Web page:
A couple of weeks ago I wrote about the 3 elements (credit score, affordability, deposit) that will influence your financial credibility and increase the success of a mortgage application. Read the whole post here.
In this post we will look a bit more into things that you can do to increase your credit score. Which is not only important for a mortgage, but for any kind of credit.
Even if you follow all of the advice, your credit score will need a few months to catch up. Therefore it is important to start looking into your score at least 6 months prior to the credit application, better even one year, or *winner regularly once a month as a habit.
What exactly is a credit score?
A credit score is a way to rate your financial behaviour of the past. Do you have debts? Do you pay them back? Are your payments regular?
It represents the risk a lender takes by giving you money. The better you behaved, the higher the score, the lower the risk that you will not pay back your debts.
In the UK, there are 3 Credit Reference agencies: Experian, Equifax and TransUnion. They create and hold your credit reports.
You can check your credit score free on Experian, the biggest provider in the UK. For (currently) £14.99, you can get insight to your credit file. Experian will also let you know what actions you can take to improve the score. If you’re worried about yet another paid subscription, sign up, squeeze the information out and then cancel again in the same month.
Here are the most common ways to boost your credit score:
The information in this list is compiled from Experian, Money Advice Service and Money Saving Expert, some of it successfully used to get my own Experian credit score up to 982.
This list is not exhaustive but covers the main things in my opinion.
Prove where you live
This means: Be on the electoral roll = Register to vote
Being on the electoral roll does not mean you have to vote.
You have to register to vote every time you move.
Don’t miss payments
If you miss a regular payment, even just one, the lender might file a default on your report, which lowers your credit score.
This can stick to your report for up to 6 years.
Payment history is the most important factor of your credit score.
Check your credit files for errors or fraud
Check your credit file for mistakes or fraudulent activity. Someone could use your name to build up debt.
Should you remark this, inform the credit agency and have them set it right.
Make debt and pay it off
This sounds counterintuitive, but in order to get a mortgage (= get into debt) you must have made debt.
Lenders want to see that you are responsible in paying back debt.
The easiest way to do this is by getting a credit card. Even if you (like me) never intended to have one or use it. Get one, use it for £10-20 per month and pay it off right away.
The caveat: Only one!
If you have more than one credit card lenders might get suspicious why they are needed.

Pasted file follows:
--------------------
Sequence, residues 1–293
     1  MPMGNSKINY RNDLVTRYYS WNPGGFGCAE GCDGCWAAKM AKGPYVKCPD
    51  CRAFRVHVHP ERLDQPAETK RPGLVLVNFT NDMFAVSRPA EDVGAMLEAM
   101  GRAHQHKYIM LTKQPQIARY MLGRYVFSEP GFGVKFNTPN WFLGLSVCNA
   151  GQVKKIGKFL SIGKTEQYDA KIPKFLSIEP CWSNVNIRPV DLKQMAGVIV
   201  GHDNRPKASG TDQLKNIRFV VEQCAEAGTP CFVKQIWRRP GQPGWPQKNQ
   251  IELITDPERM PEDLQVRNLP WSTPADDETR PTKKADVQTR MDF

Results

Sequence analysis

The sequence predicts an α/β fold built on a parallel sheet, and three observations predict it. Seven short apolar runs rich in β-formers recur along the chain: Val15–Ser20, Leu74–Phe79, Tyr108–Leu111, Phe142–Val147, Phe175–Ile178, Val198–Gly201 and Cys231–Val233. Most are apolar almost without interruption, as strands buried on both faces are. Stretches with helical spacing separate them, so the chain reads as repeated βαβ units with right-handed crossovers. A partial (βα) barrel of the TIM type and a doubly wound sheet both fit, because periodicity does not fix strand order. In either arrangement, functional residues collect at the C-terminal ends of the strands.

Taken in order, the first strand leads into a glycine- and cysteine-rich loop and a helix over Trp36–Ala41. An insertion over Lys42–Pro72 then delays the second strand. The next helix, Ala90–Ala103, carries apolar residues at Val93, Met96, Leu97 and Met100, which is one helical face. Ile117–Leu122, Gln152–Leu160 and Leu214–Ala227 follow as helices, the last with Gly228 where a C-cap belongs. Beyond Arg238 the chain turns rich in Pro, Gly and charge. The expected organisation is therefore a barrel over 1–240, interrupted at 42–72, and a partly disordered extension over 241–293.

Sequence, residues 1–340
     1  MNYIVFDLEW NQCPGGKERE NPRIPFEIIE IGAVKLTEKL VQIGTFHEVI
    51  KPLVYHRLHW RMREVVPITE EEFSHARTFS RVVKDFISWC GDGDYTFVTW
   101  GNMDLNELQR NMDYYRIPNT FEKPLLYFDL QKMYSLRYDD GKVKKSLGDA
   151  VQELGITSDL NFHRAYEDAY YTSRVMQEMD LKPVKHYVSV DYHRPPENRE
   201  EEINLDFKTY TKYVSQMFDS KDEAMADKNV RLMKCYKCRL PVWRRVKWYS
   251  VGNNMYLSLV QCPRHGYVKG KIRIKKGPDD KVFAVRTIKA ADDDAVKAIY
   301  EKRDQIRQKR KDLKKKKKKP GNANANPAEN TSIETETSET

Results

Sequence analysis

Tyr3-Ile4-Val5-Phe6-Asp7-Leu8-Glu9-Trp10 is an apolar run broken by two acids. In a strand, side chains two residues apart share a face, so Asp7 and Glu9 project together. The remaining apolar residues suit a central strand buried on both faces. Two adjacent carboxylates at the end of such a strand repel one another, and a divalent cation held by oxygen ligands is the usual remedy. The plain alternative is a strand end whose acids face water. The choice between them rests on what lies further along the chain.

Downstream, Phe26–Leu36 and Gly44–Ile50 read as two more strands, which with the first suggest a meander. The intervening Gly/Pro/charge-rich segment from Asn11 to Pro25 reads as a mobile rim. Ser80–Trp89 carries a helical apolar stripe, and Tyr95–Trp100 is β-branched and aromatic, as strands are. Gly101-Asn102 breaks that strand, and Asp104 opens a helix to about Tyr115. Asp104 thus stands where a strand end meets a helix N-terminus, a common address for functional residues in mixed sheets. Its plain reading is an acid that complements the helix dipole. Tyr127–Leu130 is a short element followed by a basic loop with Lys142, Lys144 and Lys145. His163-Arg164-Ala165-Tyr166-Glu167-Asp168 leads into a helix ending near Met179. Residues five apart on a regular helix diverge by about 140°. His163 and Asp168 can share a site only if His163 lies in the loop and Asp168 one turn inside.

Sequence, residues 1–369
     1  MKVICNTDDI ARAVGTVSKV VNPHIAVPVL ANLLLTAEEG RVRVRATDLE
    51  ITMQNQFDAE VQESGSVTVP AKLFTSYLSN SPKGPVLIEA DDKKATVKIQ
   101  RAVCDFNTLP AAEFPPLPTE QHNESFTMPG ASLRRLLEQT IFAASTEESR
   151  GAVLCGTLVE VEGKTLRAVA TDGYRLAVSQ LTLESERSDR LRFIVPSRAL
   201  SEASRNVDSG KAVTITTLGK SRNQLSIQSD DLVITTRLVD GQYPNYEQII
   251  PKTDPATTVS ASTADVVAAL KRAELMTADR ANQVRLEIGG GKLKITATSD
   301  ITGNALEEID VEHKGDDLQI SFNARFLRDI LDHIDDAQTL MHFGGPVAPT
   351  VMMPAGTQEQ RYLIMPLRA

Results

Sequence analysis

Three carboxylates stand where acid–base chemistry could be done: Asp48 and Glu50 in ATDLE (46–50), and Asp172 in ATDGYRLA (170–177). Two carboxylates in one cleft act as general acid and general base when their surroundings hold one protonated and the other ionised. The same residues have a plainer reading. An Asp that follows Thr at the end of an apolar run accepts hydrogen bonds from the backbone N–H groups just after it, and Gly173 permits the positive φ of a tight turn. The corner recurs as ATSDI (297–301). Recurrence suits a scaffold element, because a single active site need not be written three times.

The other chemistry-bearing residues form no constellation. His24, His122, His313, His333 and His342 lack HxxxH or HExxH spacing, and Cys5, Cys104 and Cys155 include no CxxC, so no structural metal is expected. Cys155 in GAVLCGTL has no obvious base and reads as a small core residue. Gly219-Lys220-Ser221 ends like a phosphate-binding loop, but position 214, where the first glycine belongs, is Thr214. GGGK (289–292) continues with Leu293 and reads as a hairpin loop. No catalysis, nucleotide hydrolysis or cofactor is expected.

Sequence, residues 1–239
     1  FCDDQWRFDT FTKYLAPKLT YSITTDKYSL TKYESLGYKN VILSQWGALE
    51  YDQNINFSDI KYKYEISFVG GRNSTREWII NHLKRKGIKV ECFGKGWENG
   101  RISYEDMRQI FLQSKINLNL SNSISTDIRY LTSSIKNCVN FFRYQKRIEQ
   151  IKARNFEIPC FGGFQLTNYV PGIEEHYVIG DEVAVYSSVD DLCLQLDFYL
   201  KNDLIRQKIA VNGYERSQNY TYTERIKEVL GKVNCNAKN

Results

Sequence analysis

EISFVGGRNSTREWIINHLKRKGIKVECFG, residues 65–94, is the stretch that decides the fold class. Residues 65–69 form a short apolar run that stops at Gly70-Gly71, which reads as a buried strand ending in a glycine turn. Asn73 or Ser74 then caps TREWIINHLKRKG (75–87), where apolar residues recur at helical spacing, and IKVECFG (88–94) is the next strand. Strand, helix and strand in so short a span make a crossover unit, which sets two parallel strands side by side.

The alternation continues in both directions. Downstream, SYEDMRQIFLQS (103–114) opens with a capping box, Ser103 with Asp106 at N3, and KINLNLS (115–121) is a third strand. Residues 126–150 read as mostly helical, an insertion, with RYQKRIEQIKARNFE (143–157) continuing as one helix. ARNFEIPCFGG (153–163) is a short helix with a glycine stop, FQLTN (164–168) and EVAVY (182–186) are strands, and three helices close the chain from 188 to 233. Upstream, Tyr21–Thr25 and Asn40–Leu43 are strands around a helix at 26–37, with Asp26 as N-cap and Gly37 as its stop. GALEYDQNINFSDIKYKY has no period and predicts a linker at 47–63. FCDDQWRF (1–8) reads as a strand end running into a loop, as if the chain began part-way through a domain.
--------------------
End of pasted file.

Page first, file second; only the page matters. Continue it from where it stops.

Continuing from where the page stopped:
Do not change banks all the time
Every time you change bank it lowers your score. It will recover, but if you do that too often it will take longer to catch up. The effect is greater if you at the same as opening a new account apply for a credit card.
Stable relationships are seen as good, but if you find a bank better suited for you, don’t be afraid to change either.
Do not apply for too much credit
Every time you apply for credit (e.g. credit card, car loan) or open a payment account (e.g. mobile phone contract) it leaves a hard inquiry (=lenders checking your credit report) on your credit file. If you have too many hard enquiries, this will lower your score as lenders may be concerned that you have trouble paying bills or overspend.
If you applied for credit and got refused, wait a few months before trying again.
There are also soft inquiries, such as a pre-approval for a credit card. Because they are not linked to a specific application for credit these inquiries have no effect on the credit score, but are mentioned for reference.
Borrow only what you can afford
Not being able to pay back your debts may lead to County Court Judgements (CCJ) or bankruptcy. This can take 6 years to clear off your credit file.
Be careful who you are linked to financially
If you have a joint account with someone with a low credit score, this will affect your score as well. You will be co-scored.
Just living with somebody with a bad score will not affect your score.
Additionally, if you did not have a past in the UK, like I did when I moved here in 2015, you need to build up your score. Get a credit card after one year, use it cautiously as described, and live within your means. It will take you 3 years to build up a decent score, many lenders want to see 3 years of continuous UK addresses.
When we first started thinking about buying, my partner had a very poor score, because he owed £800 to a mobile phone provider. Yes, £800. Only! No CCJ luckily yet! He paid it off and registered to vote, got a new contract which he paid regularly and 2 years later he was in the green.